This article has been edited for context and re-published from UC Food Observer, your daily selection of must-read news on food policy, nutrition, agriculture and more, curated by the University of California as part of its UC Global Food Initiative.
There’s a growing awareness of the negative impacts of food waste. In a guest blog post for UC Food Observer, UC researcher Wendi Gosliner (part of the team at UC ANR’s Nutrition Policy Institute, a cutting-edge unit that’s using research to transform public policy) shared this observation:
“Food waste presents a major challenge in the United States. <a href="https://www.nrdc.org/sites/default/files/wasted-food-IP.pdf">Estimates</a> suggest that up to 40 percent of the food produced nationally never gets consumed, causing substantial economic and environmental harms. Wasted food utilizes vast quantities of precious land, water and human resources, yet rather than nourishing people, it feeds landfills, producing methane gasses that poison the environment. Much of the food waste (43 percent) <a href="https://www.refed.com/downloads/ReFED_Report_2016.pdf">occurs at the household level</a>."
What history can teach us
I’m a big proponent of both reducing food waste and producing more food in communities via school, home and community gardens. It goes back in part to lessons I’ve learned from studying World War I (WWI), when the American government set food conservation goals, along with goals for local food production via Liberty — later Victory — Gardens. Big point: The World War I poster included in this post has advice we’d be well served to heed today.
This is an iconic poster from World War I. “Food…don’t waste it.” The image is regularly shared on Twitter and Facebook.
Period piece or photoshopped image?
The original was produced in 1917 by the newly created United States Food Administration, which was under the direction of the newly appointed food “czar” – Herbert Hoover.
The poster was reissued during World War II. It’s been revised in recent years by individuals and organizations interested in encouraging an ethos incorporating local foods and sustainability.
While I’m the UC Food Observer, I also dabble in the history of wartime poster art. I’m often asked if this is a contemporary mock-up made to look and feel vintage.
It’s not a mock-up. It’s the real deal, produced more than 100 years ago, with messages we should embrace today.
The original poster: Yes: ‘buy local foods’ is rule 4
The original poster has six rules that we’d be well served to follow today. The fourth rule – buy local foods – is somewhat of a surprise to people today, because the notion of buying local seems somewhat modern. But in WWI, the U.S. government encouraged the local production and consumption of food, in part, to free trains to more effectively ship troops and war materiel.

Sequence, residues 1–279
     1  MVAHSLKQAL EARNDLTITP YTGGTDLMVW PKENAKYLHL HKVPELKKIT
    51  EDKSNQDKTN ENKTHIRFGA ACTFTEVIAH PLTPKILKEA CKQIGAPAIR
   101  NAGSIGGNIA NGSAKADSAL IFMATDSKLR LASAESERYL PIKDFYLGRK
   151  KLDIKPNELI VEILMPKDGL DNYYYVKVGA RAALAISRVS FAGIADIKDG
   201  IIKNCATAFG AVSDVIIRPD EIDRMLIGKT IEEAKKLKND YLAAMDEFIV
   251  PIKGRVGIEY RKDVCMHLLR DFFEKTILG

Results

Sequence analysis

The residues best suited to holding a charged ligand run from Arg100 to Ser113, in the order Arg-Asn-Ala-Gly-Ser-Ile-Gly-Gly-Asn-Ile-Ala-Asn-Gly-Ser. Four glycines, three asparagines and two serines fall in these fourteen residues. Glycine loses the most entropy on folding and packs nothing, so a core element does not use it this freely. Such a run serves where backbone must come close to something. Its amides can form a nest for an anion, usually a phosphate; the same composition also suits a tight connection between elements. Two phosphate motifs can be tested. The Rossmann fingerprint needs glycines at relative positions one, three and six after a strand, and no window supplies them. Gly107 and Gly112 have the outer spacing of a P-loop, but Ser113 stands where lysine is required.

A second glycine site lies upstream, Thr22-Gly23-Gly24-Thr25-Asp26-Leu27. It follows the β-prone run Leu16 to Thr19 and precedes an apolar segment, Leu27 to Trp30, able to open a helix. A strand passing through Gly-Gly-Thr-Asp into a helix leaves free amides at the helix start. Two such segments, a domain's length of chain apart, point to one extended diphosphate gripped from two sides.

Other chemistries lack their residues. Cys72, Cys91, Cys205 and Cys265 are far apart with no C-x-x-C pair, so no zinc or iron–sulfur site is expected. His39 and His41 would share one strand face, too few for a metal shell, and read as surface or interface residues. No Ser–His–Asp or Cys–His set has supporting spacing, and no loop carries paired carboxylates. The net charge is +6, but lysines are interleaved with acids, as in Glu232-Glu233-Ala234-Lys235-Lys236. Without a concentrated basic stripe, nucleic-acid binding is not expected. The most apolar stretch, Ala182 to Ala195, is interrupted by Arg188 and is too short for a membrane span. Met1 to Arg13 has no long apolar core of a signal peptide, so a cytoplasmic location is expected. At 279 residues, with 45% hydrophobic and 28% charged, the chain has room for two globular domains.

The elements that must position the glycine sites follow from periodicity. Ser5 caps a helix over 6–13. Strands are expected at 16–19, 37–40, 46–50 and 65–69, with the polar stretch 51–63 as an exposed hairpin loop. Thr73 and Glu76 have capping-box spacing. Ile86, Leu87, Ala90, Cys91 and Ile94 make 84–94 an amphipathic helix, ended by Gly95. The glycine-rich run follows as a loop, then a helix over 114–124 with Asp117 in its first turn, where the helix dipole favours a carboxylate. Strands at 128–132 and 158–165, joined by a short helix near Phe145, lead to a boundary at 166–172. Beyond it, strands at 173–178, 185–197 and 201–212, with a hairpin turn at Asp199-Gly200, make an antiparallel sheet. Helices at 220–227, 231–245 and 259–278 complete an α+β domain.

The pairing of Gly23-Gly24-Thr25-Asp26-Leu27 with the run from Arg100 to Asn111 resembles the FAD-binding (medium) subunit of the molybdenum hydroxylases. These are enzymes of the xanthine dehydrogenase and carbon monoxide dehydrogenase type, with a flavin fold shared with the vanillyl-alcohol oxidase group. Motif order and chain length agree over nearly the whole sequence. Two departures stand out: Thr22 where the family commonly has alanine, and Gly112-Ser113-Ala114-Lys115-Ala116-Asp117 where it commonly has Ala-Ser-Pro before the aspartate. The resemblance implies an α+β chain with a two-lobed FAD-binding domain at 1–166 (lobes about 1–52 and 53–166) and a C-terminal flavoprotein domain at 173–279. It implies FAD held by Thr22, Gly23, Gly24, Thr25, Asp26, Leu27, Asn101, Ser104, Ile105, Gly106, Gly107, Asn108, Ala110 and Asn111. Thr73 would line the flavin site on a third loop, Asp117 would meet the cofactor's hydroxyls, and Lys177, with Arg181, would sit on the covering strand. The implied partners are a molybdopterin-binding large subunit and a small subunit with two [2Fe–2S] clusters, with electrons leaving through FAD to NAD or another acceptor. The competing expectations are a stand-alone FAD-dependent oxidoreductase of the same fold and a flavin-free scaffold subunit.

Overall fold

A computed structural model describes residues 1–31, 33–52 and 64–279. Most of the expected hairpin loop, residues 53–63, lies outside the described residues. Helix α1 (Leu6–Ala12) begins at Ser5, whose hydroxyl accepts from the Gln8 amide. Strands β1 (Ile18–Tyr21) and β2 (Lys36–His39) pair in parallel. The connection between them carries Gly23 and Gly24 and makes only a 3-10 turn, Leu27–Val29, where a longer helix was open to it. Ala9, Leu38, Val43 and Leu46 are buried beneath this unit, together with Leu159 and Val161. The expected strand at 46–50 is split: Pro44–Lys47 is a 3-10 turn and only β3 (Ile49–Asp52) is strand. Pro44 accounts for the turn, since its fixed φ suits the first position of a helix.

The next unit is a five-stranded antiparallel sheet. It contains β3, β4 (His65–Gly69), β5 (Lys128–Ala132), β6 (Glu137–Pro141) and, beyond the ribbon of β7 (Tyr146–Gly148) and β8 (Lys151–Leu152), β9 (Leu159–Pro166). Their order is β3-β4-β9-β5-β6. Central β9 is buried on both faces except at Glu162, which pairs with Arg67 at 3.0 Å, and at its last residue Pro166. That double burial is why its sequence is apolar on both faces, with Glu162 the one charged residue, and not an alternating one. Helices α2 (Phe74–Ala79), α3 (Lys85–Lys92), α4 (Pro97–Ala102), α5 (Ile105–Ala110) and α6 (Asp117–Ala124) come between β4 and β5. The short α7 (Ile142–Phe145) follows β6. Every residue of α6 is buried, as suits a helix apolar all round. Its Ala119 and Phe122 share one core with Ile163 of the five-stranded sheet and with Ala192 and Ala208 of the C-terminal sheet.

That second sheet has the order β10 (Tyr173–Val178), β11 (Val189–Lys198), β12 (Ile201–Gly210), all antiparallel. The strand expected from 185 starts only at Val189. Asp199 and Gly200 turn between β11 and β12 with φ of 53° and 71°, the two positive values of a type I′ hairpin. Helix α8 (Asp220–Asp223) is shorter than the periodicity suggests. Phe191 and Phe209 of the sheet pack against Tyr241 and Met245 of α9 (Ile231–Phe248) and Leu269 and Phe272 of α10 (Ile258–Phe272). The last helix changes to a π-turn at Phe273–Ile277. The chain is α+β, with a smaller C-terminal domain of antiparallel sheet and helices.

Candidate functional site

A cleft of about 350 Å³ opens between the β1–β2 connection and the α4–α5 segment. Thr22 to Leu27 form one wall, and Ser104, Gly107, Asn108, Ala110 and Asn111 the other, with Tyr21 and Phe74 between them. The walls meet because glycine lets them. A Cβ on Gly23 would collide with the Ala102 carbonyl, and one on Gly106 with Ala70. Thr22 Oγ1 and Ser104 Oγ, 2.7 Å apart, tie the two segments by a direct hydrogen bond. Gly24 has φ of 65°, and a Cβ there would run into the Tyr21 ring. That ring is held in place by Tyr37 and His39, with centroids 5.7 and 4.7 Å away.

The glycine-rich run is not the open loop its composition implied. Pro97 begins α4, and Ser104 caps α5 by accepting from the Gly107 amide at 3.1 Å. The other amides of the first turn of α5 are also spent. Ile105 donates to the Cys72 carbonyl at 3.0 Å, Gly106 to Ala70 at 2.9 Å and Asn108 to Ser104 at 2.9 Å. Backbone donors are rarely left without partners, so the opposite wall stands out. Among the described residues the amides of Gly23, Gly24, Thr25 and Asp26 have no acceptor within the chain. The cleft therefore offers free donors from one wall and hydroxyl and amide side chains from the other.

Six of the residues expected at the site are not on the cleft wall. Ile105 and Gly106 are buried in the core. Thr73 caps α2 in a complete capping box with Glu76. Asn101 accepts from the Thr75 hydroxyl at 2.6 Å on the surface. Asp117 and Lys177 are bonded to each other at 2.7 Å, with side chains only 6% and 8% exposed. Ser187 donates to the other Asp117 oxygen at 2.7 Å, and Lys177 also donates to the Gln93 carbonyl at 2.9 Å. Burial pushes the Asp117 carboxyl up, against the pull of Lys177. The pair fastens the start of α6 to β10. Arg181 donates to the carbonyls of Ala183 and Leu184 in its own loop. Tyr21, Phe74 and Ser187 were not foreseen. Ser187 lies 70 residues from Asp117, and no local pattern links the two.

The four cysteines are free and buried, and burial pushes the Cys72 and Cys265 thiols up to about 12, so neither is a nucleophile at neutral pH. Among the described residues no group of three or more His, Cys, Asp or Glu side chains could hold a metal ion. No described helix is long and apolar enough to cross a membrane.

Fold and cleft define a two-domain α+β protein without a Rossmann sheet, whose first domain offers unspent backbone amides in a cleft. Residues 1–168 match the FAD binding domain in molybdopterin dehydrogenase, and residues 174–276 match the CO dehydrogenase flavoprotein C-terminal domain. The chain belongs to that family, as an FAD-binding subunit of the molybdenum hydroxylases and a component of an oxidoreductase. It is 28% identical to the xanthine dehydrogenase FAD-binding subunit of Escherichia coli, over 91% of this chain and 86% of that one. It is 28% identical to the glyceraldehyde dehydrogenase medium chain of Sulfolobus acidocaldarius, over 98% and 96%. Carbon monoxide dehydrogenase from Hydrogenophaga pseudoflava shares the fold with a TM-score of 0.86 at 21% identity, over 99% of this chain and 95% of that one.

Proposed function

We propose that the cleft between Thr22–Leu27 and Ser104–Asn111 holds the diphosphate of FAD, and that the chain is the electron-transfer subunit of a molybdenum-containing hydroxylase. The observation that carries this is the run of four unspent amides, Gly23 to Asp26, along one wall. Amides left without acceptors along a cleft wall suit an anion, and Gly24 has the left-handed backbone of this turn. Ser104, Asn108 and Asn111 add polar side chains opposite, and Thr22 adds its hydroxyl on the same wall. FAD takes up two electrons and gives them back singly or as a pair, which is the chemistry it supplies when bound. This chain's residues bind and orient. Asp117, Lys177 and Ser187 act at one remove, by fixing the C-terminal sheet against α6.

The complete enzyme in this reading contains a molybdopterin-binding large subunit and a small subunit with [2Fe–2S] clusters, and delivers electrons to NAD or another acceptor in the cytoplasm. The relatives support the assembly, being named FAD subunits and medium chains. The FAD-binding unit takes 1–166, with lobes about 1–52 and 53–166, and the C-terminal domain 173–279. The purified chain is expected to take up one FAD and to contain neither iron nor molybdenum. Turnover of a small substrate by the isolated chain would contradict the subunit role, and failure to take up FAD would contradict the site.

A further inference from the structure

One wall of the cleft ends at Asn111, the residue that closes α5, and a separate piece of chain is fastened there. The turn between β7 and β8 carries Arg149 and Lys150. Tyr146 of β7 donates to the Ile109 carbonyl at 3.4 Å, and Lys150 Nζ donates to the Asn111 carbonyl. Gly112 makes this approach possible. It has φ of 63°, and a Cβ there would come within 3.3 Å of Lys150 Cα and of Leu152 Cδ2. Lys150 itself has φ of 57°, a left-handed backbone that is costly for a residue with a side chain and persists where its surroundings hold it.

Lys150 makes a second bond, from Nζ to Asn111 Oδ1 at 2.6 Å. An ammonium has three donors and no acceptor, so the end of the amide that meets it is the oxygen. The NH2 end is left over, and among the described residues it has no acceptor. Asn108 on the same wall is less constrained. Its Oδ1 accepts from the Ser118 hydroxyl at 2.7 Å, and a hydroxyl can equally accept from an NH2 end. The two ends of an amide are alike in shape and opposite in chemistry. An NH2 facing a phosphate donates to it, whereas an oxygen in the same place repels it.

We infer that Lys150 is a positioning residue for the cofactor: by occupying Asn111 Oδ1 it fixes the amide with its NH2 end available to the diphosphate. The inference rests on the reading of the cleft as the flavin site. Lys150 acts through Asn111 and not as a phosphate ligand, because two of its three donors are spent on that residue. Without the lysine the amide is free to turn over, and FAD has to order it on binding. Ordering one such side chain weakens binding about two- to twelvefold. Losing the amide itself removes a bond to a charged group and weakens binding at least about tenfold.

Tackling food waste through preservation
We did it before and we can do it again. Many land grant institutions, including the University of California, host master food preserver programs. These programs teach best practices on food safety and preservation to volunteers. The extensive training program prepares volunteers to work in their community educating others on the safe practices of food preservation, including pickling, drying, freezing, canning and fruit preserves.
You'll also find fantastic tips on this website, produced by Save The Food.
Thinking about gardening? Do we have resources for you!
Gardening and food preservation go hand in hand. The University of California sponsors the state’s Master Gardener Program, which fields more than 5,000 volunteers in communities across the state. The Master Gardener Program is a national program, housed at the land grant institution in each state, but it’s also connected to the USDA. Free gardening resources are available here. Advice to grow by…just ask.
Food waste is both an ethical and environmental issue. It should concern us that we waste nearly 40 percent of the food we produce and purchase in this food-abundant nation.
In contrast, our nation produced about 40 percent of the fruits and vegetables we consumed on the American home front in World War II in school, home, community and workplace gardens. That was the result of the iconic Victory Garden program (which actually got its start in WWI).
Three messages then: participate in the national effort, commit to wasting less food, and if you can, produce some food of your own.
To emphasize just how important saving and growing food was in World War I, here are a few posters from that era:
Read: Dana Gunders, formerly of the National Resource Defense Council, authored a 2012 report called Wasted that sparked much of this work. Dana also authored a book called Waste Free Kitchen Handbook: A Guide to Eating Well and Saving Money by Wasting Less Food. Both are great reads.
Top Image: Professor Harry Nelson of San Francisco teaches his ten-year-old daughter Pat (left) and her Girl Scout friends some pointers in transplanting young vegetables in a Victory garden. | Courtesy of the Library of Congress